HTML stands for Hypertext Markup Language. A markup language combines text and extra information about the text. The extra information, related to the text's structure and presentation -- things like whether the text is bold, where it is positioned on the page, etc., that information is expressed using markup, which is intermingled with the ordinary text. In the case of HTML, the markup information is contained in "tags," which are easily recognizable by the
< > symbols.
HTML is used to create web pages. No web designer or web developer can do his job without knowing at least some HTML. In the same time, the language is absolutely essential to people who are creating their first webpage or taking their business online.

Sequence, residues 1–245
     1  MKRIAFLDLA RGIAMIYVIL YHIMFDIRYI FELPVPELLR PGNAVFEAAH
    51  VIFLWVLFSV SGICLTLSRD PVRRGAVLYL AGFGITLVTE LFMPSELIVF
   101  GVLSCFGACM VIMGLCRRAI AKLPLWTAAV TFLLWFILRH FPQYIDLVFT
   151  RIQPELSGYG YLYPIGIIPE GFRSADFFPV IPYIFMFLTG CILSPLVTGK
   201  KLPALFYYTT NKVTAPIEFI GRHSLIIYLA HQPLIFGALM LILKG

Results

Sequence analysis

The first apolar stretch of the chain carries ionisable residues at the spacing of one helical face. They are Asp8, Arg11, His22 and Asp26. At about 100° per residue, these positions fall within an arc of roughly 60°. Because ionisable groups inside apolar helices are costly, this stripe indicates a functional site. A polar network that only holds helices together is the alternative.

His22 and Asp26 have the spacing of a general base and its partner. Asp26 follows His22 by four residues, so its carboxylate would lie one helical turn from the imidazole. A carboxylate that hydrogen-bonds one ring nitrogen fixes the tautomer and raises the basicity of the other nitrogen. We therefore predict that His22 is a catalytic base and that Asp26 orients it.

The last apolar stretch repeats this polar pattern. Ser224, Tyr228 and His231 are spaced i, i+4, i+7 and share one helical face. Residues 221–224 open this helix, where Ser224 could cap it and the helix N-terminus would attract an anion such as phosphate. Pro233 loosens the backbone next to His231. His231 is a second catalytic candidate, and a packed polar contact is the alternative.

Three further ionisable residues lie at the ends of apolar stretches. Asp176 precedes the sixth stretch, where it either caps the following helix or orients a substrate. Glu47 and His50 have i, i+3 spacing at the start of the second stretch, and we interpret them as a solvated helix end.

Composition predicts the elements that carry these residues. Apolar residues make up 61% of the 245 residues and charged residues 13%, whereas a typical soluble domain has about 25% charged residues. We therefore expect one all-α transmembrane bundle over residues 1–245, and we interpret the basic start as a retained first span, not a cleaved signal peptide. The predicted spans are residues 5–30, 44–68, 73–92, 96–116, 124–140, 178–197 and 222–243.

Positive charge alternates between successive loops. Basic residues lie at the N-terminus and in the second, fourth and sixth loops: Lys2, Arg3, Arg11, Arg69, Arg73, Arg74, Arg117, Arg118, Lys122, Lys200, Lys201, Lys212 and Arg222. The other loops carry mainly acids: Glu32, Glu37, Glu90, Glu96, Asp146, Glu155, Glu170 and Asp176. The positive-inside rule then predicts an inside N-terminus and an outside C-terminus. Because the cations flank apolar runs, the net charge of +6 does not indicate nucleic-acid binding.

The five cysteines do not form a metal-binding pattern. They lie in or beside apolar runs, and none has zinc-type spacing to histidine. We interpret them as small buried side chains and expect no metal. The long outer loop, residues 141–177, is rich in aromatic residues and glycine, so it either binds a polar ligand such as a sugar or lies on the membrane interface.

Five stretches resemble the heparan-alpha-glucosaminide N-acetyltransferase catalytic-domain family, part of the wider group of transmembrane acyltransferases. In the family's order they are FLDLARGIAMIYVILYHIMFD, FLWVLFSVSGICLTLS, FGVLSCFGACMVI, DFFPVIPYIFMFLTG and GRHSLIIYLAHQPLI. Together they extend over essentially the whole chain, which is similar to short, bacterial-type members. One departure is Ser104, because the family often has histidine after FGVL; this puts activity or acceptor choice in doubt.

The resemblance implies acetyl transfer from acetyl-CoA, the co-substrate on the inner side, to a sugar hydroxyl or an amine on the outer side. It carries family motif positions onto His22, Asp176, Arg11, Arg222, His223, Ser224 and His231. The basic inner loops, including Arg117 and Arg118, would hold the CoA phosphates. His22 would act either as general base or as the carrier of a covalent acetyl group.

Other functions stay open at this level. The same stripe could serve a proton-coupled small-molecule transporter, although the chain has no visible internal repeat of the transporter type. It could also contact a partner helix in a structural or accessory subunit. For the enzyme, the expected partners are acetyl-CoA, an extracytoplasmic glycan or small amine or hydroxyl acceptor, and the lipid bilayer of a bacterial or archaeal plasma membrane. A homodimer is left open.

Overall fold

Although the creation of HTML coincided with the creation of the World Wide Web more than 25 years ago, today it remains one of the core technologies behind the Internet. Virtually every webpage and web application has HTML as its basis. Additionally, HTML can be used on the desktop for formatting help files and documents.
HTML has been the standard for creating web pages since it was first introduced in the late 1980s by Tim Berners-Lee, in the form of the first web page and a specification for a collection of tags, or labels, for formatting information for use on the web. The original HTML specification described 22 elements, and 13 of those are valid today.
Today, the World Wide Web Consortium maintains the specifications for the the current version -- HTML 4.01. Work on HTML 5, as well as on CSS 3, is ongoing.